Private landowners can help manage invasive species

The Phragmites management program was initiated in the wetlands of Long Point but has since spread into the upper watersheds. In 2019, a subcommittee of the LPPAA developed an implementation plan for the entire Big Creek Watershed focused on engaging landowners and helping to provide them with control services for their properties.

The Big Creek Watershed Control Implementation Plan divides the watershed into 8 sections or “phases”. Since it’s inception it has been well received, enrolling over 200 parcels and completing control work on over 75 parcels of land with no sign of slowing down.

“Landowners are an important part of Phragmites control for two reasons,” says Brett Norman, Invasive Species Program Coordinator at Nature Conservancy of Canada. “For one, landowners can provide access for control of Phragmites on their properties. This ensures that their property is not a seed source for future infestations. Two, landowners can help pass on information. Many people don’t know what
Phragmites is, why it’s bad, or that control services exist. We invest a lot of time working with landowners to ensure they are aware of the issues.”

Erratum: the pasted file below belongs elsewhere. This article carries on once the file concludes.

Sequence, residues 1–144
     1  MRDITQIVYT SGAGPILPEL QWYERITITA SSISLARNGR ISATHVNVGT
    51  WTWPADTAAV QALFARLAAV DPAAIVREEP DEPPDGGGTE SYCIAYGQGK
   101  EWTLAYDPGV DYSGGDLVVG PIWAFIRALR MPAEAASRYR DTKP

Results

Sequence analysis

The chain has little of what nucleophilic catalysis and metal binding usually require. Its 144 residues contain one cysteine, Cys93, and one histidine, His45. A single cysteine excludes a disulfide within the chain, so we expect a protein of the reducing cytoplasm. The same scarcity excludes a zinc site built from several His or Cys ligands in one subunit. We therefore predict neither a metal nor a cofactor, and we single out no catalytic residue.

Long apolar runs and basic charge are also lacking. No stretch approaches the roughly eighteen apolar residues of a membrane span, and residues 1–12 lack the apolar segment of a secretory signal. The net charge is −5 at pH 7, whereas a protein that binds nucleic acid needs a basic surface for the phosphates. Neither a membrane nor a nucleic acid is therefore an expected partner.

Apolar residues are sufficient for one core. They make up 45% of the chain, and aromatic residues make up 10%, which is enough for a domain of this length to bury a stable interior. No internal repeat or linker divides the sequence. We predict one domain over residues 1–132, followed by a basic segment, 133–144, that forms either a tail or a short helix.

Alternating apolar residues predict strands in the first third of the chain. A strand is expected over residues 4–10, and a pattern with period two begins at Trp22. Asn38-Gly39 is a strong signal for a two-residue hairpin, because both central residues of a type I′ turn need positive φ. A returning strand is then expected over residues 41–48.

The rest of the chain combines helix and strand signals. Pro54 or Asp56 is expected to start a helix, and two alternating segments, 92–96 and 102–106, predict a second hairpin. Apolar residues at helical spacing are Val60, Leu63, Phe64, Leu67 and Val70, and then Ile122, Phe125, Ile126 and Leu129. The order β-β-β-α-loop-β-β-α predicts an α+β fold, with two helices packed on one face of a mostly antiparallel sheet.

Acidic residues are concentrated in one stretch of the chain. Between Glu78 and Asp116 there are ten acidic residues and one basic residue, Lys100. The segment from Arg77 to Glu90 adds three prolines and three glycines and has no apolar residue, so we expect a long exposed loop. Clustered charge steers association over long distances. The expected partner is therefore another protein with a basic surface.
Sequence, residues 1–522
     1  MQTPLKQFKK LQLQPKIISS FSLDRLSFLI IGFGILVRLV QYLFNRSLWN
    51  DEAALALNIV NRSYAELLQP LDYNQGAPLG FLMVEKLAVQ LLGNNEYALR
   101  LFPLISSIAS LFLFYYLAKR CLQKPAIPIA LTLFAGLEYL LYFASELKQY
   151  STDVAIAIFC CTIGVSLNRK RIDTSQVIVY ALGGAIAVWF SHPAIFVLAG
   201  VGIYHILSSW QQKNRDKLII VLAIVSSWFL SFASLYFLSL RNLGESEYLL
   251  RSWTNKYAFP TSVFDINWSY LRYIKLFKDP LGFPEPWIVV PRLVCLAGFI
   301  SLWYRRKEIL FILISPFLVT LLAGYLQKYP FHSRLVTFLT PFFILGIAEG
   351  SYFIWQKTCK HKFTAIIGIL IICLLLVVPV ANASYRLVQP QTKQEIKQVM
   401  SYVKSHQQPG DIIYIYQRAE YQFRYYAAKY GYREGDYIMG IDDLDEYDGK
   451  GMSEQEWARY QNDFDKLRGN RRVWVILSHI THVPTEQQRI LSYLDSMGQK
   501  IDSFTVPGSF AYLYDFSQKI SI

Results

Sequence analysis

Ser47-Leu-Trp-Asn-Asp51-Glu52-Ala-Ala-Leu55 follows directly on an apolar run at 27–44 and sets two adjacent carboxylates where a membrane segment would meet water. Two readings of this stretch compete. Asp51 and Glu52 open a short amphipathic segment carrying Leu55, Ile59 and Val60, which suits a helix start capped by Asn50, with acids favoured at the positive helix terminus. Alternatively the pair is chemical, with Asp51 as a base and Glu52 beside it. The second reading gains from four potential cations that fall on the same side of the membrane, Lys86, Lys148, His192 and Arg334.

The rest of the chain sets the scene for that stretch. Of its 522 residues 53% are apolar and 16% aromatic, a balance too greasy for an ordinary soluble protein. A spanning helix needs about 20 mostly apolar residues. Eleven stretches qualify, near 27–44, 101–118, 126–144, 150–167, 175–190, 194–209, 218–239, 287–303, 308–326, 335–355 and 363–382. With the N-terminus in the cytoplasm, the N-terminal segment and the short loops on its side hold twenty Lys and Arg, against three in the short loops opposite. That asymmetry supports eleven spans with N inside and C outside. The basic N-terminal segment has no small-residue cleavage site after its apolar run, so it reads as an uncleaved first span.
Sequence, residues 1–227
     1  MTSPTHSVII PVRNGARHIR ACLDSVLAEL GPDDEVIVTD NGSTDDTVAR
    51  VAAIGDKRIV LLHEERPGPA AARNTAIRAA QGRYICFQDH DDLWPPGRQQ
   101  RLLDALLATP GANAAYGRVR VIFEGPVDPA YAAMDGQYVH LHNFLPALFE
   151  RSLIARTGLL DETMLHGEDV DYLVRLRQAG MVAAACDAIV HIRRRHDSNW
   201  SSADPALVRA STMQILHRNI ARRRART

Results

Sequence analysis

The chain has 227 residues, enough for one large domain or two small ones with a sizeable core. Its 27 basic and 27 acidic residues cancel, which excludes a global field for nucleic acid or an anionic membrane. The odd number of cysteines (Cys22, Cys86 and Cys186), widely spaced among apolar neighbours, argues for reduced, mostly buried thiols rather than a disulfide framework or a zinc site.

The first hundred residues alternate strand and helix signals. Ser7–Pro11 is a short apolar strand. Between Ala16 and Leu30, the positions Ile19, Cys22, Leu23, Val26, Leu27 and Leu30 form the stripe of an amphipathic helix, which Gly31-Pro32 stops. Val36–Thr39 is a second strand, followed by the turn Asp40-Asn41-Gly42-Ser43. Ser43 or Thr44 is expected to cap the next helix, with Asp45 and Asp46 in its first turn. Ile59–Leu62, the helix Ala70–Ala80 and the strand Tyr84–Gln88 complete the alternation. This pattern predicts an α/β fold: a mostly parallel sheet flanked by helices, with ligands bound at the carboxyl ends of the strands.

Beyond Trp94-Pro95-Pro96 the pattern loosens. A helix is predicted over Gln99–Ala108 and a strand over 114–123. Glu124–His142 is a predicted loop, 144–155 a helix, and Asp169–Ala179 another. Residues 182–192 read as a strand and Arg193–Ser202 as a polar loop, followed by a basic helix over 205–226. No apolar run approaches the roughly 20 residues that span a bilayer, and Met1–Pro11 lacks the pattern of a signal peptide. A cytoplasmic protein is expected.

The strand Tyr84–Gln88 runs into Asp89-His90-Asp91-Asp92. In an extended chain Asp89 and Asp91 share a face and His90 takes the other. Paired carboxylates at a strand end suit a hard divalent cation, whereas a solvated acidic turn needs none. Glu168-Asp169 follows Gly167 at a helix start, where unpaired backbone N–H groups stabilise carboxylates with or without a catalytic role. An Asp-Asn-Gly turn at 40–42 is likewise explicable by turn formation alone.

This program allows landowners to tap into the resources needed to target Phragmites, including professional contractor services, specialized equipment, and aquatic herbicides where applicable.

“These services are provided free of charge, allowing landowners to address an issue on their properties that they may otherwise not have the capability to do,” says Norman.

The program is now open to anyone who owns land in Norfolk County. Landowners wishing to join the program can do so by emailing the LPPAA at or by visiting our website at

This map shows the aquatic control area of the Big Creek watershed where the LPPAA will be focused in 2021. All Norfolk County landowners not in the watershed will have dry land control services available.
Scroll to Top